Will the partial trade agreement with China help the local economy? GVSU economist weighs in

Photo of the inside of the L. William Seidman Center.
Image Credit: Amanda Pitts

Reaction from the local business community to the partial U.S./China tariff agreement has been lukewarm, said Brian G. Long, director of Supply Management Research in Grand Valley State University's Seidman College of Business.

Long also said remnants of the General Motors strike are holding down the West Michigan economy. Long surveyed local business leaders and his findings below are based on data collected during the last two weeks of December. View the full report here.

The survey's index of business improvement (new orders) edged up to -7, from -9. The production index also rose to -7 from -9. The index of purchases was marginally better at -17 from -18, and the employment index rose to -2 from -9.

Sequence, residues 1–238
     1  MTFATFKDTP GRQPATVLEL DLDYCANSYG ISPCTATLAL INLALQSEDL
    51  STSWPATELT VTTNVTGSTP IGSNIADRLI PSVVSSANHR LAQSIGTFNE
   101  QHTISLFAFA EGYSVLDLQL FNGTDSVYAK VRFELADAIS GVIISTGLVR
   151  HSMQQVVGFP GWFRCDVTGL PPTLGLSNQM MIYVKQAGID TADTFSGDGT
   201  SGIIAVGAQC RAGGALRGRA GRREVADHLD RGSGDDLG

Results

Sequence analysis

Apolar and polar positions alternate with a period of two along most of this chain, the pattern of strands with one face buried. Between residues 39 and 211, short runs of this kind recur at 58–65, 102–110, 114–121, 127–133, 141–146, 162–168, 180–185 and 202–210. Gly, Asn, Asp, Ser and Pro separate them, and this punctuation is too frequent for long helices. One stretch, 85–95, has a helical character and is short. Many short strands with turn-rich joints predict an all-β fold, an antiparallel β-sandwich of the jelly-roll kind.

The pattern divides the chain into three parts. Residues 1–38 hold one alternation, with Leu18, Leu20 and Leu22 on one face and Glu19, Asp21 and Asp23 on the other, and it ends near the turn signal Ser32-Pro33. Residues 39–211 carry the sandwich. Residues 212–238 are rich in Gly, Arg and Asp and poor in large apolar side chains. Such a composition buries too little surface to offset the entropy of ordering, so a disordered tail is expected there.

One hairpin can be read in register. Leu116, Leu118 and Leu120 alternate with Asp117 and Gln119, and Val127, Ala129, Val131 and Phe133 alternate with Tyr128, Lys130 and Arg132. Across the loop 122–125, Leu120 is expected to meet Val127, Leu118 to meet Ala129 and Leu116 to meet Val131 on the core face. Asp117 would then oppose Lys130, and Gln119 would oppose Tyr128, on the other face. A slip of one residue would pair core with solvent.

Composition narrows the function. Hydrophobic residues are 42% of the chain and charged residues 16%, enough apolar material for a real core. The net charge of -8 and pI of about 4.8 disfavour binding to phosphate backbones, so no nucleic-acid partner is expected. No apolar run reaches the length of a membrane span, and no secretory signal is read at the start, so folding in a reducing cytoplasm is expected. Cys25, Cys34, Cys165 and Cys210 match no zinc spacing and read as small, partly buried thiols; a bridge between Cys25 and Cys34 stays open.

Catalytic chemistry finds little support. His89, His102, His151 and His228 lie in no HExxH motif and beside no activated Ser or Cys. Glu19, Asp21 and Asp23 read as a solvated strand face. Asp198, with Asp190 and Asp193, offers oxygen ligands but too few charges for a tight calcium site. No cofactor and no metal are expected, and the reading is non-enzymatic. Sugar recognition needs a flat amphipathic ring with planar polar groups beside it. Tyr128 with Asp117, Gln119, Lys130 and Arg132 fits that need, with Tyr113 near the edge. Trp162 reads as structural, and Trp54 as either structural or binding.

"Some of the tariffs on imported materials may be reduced or eliminated, which will help with the reduction in the purchase price for some commodities and materials," said Long. "Except for aircraft and some miscellaneous construction equipment, we sell China almost no finished products. Our main exports to China are farm commodities, which have gained about 10 percent in price since the news leaked out about the so-called Phase I trade agreement."

Long added that bigger issues, such as China's governmental subsidies for certain firms, will need to wait for a possible second agreement later in the year. 

The Institute for Supply Management survey is a monthly survey of business conditions that includes 45 purchasing managers in the greater Grand Rapids area and 25 in Kalamazoo. The respondents are from the region's major industrial manufacturers, distributors and industrial service organizations. It is patterned after a nationwide survey conducted by the Institute for Supply Management. Each month, the respondents are asked to rate eight factors as "same," "up" or "down."

For more information, contact Brian Long at (269) 870-0428.